Seaweed is mostly eaten in East Asia, although that’s changing. It’s used in sushi, soups, salads, as a food thickener and more.

Many seaweeds have a unique umami taste, which enhances the flavour of dishes. They're a great substitute if you want to eat less meat and fish but don’t want to sacrifice that savoury, salty flavour.

Seaweeds grown on Tanzanian farmsThe Natural History Museum

Interest in eating seaweed is on the rise. This is important, as seaweed could provide over 100 million tonnes of extra food worldwide by 2040.

Europe accounts for only 0.8% of global seaweed production but it’s an industry that’s developing. 

Expanding our diets to incorporate seaweed and reducing our intake of carbon-intensive foods such as meat could be a vital way of keeping the planet healthy.

A Malaysian seaweed farm using recycled plastic bottles as buoys to float the crops by Lim Phaik EemThe Natural History Museum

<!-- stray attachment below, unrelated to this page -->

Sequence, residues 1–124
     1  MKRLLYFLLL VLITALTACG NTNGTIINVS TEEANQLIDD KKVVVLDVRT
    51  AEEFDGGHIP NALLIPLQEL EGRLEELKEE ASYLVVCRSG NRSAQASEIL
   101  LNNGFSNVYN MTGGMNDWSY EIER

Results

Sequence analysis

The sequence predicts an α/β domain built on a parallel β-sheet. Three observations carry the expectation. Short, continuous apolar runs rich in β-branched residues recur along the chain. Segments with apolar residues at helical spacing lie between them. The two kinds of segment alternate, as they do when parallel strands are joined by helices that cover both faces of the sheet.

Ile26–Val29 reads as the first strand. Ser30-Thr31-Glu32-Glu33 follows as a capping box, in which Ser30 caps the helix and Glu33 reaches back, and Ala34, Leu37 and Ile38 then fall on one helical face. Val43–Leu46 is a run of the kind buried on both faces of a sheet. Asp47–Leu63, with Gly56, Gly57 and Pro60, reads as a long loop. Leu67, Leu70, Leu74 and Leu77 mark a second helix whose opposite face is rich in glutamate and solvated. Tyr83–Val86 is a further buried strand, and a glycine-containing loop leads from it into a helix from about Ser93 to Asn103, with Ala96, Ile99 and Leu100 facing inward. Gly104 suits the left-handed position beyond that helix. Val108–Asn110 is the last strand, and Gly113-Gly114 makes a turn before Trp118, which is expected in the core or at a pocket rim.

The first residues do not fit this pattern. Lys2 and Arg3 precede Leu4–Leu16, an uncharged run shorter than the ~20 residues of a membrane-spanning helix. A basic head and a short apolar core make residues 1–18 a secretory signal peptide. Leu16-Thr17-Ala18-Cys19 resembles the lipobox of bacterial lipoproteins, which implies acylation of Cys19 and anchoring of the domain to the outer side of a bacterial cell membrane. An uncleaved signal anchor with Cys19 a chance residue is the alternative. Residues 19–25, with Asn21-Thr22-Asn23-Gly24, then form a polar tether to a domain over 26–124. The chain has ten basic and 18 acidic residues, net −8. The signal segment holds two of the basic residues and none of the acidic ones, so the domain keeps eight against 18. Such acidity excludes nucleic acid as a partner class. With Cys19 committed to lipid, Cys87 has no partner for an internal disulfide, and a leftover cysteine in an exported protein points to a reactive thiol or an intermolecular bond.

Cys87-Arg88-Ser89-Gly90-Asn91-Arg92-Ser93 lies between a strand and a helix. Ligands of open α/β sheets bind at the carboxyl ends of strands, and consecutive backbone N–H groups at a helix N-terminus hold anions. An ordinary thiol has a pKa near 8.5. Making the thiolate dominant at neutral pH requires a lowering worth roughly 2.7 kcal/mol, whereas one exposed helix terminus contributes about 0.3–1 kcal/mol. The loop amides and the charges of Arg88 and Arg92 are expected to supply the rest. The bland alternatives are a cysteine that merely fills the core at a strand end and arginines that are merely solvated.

Sustainable seaweed farming practices

While seaweed farming can have many benefits, we must be cautious not to ‘replicate the mistakes of land farming,’ warns Professor Juliet Brodie, seaweed expert at the Natural History Museum.

Best practice in seaweed farming looks small and local. It’s about community ownership, cultivating locally sourced native species and processing and selling the product nearby to minimise carbon emissions.

Sugar kelp, Saccharina latissima, growing at a Scottish seaweed farm, Aird Fada by Leigh EislerThe Natural History Museum

Aird Fada, a Scottish seaweed farm off the coast of the Isle of Mull, is keen to embody these sustainable practices.